Initial data shows there’s been no immediate negative effect on the trade relationship between the countries.
Trade volume between North Korea and China rose 16% on-year to $546 million in January, according to the Korea International Trade Association, which compiles data based on Chinese customs statistics.
Among the litany of crimes attributed to Mr. Jang before his execution was an accusation that he sold off coal and other resources “at random.” That suggested North Korea would seek to renegotiate export deals with its only big trade partner, China.
Fewer and Fewer Children Born in Korea
Some 436,600 children were born in Korea last year, the smallest number recorded since 2005, Statistics Korea said on Thursday. Compared to 2012, the number dropped 9.9 percent from 484,550.
The total fertility rate, the number of children that would be born to a woman in her lifetime, stood at 1.19 children last year, even fewer than the 1.3 recorded in 2012.
The number of newborns is likely to drop below 400,000 in 2030 and to below 300,000 range in the 2050s if the trend continues.
Yoon Yeon-ok at Statistics Korea said, “The number of women of peak childbearing age between 29 and 33 declined by 360,000 compared to the previous year, while more women remain single or marry later in life.”
Poor construction blamed for deadly gym collapse: police
Police on Friday blamed shoddy construction and poor materials for last week’s deadly gymnasium collapse that killed 10 people, mostly college students, and injured 128 others.
The roof of the gymnasium at the Mauna Ocean Resort in Gyeongju, a historical tourist city 370 kilometers southeast of Seoul, caved in on some 560 incoming freshmen of the Busan University of Foreign Studies on Feb. 17 during a welcoming party.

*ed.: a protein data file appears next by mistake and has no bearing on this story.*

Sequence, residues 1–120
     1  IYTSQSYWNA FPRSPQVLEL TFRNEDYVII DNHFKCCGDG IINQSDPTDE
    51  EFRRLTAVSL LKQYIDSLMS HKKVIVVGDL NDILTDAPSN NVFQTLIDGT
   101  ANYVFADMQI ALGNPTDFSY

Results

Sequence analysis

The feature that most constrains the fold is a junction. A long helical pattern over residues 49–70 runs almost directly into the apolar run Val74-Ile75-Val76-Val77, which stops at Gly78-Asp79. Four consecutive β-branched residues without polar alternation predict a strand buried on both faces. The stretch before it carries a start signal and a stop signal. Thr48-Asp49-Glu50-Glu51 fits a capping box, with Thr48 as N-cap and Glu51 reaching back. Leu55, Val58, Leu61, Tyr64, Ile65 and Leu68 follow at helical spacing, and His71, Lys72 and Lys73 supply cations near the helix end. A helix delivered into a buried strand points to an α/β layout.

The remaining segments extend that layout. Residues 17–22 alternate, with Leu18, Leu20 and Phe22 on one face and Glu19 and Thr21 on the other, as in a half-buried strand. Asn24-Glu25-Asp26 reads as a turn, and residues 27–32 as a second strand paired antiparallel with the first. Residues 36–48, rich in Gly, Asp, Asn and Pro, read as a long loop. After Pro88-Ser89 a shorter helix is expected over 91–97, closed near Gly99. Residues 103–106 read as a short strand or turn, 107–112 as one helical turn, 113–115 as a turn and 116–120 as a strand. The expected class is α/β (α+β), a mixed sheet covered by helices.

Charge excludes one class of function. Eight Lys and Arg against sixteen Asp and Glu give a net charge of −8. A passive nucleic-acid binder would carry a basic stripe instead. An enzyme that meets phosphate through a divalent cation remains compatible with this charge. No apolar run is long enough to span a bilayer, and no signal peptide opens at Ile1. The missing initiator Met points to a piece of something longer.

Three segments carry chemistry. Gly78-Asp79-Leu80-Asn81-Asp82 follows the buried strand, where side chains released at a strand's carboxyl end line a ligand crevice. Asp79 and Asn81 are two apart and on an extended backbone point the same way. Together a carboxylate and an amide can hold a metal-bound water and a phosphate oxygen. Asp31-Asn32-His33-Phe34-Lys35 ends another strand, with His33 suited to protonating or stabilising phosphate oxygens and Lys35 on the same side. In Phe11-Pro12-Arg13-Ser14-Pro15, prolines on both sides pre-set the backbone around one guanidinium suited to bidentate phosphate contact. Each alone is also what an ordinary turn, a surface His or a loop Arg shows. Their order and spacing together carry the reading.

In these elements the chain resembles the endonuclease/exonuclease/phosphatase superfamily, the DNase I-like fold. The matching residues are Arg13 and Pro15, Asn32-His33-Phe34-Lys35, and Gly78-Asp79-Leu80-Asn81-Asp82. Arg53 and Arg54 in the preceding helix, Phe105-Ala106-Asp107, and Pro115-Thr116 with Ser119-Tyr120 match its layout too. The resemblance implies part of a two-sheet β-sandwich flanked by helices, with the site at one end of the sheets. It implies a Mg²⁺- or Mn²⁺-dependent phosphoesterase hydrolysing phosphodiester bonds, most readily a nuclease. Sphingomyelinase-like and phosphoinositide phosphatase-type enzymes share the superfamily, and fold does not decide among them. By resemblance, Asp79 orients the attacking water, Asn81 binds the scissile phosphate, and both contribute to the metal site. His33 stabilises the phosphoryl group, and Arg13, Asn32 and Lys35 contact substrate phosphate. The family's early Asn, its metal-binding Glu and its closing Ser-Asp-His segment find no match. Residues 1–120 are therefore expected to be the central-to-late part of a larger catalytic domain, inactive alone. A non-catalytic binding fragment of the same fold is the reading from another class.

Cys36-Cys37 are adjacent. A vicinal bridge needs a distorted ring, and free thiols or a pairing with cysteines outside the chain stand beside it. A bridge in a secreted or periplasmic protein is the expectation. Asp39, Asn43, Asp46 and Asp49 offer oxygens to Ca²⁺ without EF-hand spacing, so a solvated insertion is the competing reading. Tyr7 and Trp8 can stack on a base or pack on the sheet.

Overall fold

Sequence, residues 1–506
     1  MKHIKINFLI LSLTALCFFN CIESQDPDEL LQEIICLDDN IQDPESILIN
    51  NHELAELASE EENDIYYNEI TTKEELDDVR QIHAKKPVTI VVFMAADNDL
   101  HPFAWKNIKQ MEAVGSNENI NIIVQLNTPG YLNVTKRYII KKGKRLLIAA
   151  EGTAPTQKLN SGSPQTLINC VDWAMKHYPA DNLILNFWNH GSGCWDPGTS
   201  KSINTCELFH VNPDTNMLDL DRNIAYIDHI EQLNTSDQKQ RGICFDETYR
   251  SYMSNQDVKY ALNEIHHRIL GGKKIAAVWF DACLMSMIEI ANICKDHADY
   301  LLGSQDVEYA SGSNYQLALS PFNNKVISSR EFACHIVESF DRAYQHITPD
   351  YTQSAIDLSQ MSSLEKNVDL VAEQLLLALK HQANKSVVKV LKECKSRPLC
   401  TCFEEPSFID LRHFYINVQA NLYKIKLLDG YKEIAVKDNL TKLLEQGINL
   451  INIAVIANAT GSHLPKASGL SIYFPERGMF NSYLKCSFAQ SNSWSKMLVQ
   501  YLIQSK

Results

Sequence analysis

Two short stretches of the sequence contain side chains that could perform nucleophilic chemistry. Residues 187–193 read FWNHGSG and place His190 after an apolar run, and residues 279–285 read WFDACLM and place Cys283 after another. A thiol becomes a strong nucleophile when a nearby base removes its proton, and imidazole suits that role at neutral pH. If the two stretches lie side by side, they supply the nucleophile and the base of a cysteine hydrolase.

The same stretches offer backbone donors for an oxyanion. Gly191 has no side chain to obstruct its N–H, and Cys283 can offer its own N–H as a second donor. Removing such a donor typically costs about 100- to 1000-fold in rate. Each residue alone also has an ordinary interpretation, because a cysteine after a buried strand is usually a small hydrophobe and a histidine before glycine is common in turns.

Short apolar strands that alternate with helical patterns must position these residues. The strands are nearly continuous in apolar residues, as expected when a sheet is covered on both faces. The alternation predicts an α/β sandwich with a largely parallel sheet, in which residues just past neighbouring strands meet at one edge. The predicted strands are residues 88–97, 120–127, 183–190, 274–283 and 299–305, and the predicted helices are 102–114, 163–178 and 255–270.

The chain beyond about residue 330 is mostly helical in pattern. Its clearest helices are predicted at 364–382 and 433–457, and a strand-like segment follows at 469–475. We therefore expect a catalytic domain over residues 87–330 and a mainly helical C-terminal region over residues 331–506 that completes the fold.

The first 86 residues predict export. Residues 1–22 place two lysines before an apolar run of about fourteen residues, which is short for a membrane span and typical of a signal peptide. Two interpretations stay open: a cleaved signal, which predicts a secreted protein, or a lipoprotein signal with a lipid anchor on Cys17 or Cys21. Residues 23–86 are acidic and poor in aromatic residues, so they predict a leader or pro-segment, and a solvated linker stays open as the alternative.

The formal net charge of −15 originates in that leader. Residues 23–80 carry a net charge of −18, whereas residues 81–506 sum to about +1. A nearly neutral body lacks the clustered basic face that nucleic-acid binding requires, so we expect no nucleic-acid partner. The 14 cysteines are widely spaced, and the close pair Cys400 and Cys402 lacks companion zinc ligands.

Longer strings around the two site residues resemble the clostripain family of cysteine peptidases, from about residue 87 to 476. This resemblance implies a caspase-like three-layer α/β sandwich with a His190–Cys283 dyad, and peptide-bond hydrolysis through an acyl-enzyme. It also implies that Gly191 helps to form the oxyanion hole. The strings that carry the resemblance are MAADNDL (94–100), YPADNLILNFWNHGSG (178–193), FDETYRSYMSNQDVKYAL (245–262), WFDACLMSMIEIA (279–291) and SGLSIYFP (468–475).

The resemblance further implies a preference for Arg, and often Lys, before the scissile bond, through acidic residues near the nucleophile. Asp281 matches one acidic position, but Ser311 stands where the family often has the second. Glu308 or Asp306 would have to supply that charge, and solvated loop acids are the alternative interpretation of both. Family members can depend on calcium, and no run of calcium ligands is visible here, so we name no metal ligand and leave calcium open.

Announcing the interim results of their investigation into the tragedy, officers at the Gyeongju Police Station said that the collapse was the result of overall poor construction and lax management of the building.
Under siege by ultrafine dust
Seen from a subway train crossing a Han River bridge on a morning commute, Seoul remained in a thick fog of fine dust.
On the street, commuters were walking without masks, looking like disarmed soldiers going to war.
Many of them may have regretted listening to the weather forecast about the clouds of dust receding.
Erring on the safe side, they should heed severe yellow sand warnings for March.
3 hurt in vehicle collision north of Esparto
A portion of a northern Yolo County road had to be closed Wednesday morning while emergency crews extricated and then lifeflighted a motorist to a hospital following an accident.
The California Highway Patrol reported the accident occurred around 11:30 a.m. on County Road 19, just west of I-505.
Hae Jung Cho, 61, of Millbrae was driving a 2006 BMW X3 on northbound I-505 approaching CR-19, according to the CHP, at the same time Tommy Saeteurn, 29, of Winton was driving a 2002 Acura TL on westbound CR-19, approaching I-505.
Cho exited I-505 at CR-19 and proceeded up the off-ramp to the intersection. However, Cho failed to stop at the stop sign as he made a left turn toward westbound CR-19, and directly into the path of the Acura.
Saeteurn was unable to avoid the BMW, causing the front of the Acura to collide with the right side of the BMW.
‘Son of God’ Courting Korean Americans
Mark Burnett and Roma Downey are engaged in a full-court press to encourage Korean Christians living in the U.S. to see their upcoming film, Son of God, which has already been the recipient of a big marketing push in the Hispanic community.
LightWorkers Media, the production company founded by Burnett and Downey, recently hosted two screenings of the film with Korean subtitles, and the events attracted 800 influential members of the fast-growing community, including Korean journalists and faith leaders, The Hollywood Reporter learned on Tuesday.